Abstract: How Does Client Violence Affect Worker Health? Understanding the Attributes and Consequences of Client Violence Among Child Welfare Workers (Society for Social Work and Research 25th Annual Conference - Social Work Science for Social Change)

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How Does Client Violence Affect Worker Health? Understanding the Attributes and Consequences of Client Violence Among Child Welfare Workers

Wednesday, January 20, 2021
* noted as presenting author
Melissa Radey, PhD, Professor, Florida State University, Tallahassee, FL
Lisa Langenderfer-Magruder, PhD, Postdoctoral Scholar, Florida State University, Tallahassee, FL
Dina Wilke, PhD, Professor, Florida State University, Tallahassee, FL
Background: Almost all child protection services (CPS) workers encounter client violence, or physical and non-physical violence initiated by clients. With their responsibilities of keeping children safe, workers face most identified risk factors for workplace violence, including working alone, in client homes, in disadvantaged neighborhoods, and with unstable clients. Workplace consequences of violence can be grave, including decreased worker productivity, decreased service quality, increased job turnover, and compromised child safety. In addition to affecting work outcomes, violence affects workers’ physical and psychological health, both immediate and long-term. Despite high rates of client violence and its detrimental impact on worker health, few studies explore how experiences of client violence contribute to health. This study uses the work stress model and thematic and narrative analyses to delineate (a) common perceptions and health consequences in workers’ experiences of client violence and (b) how variation in the context of violent incidents influences health outcomes.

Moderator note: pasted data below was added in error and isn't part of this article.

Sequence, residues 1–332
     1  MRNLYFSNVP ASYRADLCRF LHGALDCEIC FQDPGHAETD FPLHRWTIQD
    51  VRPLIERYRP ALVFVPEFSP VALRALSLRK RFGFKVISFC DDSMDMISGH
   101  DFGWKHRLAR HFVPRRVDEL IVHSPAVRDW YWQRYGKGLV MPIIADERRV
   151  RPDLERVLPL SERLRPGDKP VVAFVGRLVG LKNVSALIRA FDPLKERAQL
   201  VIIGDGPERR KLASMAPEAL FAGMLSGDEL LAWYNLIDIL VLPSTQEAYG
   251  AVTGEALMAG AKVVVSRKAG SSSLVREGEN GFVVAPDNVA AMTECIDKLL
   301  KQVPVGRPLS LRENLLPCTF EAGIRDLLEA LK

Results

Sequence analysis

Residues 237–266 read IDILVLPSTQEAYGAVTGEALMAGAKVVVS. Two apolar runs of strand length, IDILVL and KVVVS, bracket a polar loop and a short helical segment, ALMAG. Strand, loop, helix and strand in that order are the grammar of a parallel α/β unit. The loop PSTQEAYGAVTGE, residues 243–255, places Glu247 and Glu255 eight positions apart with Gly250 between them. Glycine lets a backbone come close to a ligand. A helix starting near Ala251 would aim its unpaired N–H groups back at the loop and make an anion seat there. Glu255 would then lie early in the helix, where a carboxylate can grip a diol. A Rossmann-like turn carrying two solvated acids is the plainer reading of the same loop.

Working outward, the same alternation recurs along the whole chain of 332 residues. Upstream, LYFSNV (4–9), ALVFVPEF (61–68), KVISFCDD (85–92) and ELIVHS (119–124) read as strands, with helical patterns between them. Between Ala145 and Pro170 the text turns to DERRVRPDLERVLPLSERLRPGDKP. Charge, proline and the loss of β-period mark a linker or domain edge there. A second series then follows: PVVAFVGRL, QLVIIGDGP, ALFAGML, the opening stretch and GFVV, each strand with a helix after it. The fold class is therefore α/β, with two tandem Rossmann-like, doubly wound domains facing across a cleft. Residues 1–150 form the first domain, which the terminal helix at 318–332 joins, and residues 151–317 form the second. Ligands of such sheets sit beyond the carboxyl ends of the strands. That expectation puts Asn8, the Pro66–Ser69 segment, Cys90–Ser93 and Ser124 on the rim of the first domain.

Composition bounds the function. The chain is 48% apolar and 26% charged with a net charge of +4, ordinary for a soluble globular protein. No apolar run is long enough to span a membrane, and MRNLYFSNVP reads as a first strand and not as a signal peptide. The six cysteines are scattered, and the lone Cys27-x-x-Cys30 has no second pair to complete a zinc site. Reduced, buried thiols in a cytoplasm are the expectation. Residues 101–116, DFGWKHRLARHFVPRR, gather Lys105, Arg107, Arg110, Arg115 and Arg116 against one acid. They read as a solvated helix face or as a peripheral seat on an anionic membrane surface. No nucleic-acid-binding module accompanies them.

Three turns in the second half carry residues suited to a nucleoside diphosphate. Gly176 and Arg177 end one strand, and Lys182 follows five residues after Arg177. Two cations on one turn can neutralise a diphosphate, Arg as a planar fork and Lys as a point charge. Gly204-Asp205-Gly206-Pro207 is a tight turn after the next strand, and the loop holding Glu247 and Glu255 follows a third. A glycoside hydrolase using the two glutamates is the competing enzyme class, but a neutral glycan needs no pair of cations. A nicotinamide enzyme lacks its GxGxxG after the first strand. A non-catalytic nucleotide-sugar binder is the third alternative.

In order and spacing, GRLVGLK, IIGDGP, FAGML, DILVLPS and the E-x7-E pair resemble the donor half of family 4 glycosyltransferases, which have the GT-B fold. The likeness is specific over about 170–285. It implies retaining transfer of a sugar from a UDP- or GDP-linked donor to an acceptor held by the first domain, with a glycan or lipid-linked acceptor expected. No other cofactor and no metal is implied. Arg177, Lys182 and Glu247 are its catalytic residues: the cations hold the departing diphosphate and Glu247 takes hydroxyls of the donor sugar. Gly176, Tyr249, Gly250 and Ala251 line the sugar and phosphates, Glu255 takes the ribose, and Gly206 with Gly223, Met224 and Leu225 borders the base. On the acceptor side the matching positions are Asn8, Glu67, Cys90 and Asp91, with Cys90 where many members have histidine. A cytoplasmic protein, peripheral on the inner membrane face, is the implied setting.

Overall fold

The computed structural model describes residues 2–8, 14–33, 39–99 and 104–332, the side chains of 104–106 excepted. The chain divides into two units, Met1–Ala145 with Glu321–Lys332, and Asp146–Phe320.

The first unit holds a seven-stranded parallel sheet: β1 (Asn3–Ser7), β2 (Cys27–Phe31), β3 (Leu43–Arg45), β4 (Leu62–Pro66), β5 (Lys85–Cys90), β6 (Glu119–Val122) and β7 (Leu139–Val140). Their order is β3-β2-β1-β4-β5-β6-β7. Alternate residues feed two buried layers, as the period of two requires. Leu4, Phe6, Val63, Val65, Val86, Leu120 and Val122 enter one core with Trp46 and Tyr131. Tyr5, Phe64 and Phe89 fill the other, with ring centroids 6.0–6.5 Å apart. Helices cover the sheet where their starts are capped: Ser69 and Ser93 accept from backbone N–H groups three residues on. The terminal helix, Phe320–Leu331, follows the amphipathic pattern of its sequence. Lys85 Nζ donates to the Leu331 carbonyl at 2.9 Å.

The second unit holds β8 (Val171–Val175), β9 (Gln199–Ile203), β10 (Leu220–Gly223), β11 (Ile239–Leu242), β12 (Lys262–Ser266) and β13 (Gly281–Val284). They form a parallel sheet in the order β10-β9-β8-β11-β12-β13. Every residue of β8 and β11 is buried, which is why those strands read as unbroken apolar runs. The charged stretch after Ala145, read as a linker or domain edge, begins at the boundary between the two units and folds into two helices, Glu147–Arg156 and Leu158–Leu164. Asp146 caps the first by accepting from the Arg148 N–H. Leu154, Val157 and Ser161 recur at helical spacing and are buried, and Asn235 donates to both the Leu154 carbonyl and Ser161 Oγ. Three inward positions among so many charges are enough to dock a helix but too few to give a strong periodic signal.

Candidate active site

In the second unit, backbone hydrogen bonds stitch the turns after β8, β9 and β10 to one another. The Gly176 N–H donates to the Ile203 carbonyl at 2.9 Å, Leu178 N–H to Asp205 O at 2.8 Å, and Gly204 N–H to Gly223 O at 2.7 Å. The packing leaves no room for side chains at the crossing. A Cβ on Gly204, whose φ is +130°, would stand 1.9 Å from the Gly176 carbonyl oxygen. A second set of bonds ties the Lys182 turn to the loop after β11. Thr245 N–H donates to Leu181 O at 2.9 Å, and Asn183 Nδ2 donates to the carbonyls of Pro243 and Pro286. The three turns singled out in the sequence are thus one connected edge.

Methodology: We recruited participants from a longitudinal study of frontline CPS workers (N = 1,500) hired between September 2015 and December 2016. For the current sub-study, we examined Wave 5 data two years post-hire and included respondents who remained in child welfare (n = 630). Based on exposure to violence respondents reported in the quantitative study, we recruited a random sample of participants; the sample size was 33. Interview length ranged from 20 to 60 minutes (M = 43 minutes). Data analysis consisted of thematic analysis to show patterns in workers’ experiences followed by narrative analysis to uncover plot.

Findings: With the exception of one worker who expressed that she always “got along” with clients, all workers described violent or potentially-violent incidents. Workers commonly discussed three defining attributes of violence: the level of spontaneity; the level of personal attack; and the level of agency support and responsiveness. In attacks perceived as calculated (e.g., deliberate threats via voicemail, reoccurring attacks), workers felt more manipulated, more fearful, and less in control than in spontaneous ones (e.g., midst of removal). When workers perceived attacks as personal (e.g., revealing worker’s home address), workers felt more vulnerable than when they felt under attack as CPS worker (e.g., CPS is “the enemy”). Workers without agency responsiveness and support (e.g., no debriefing, no case reassignment), viewed violence as more troubling than others. Workers typically described one of two narratives: they perceived an attack as calculated, personal, and without agency support which contributed to heightened psychological distress or burnout; or workers perceived an attack as spontaneous, situational, and with agency support resulting in no lasting health consequences.

Conclusions and Implications: Congruent with the work stress model, findings indicated that (a) worker subjectivity is central to defining common attributes of client violence and (b) a worker’s subjective attributes of a violent incident influences its impact on health. The importance of agency responsiveness to workers’ experiences of client violence suggest that agencies could benefit from developing standardized, protocols that provide guidance in classifying incidents as violent and, in responding to incidents, consider how workers perceived the violent situation and their reactions.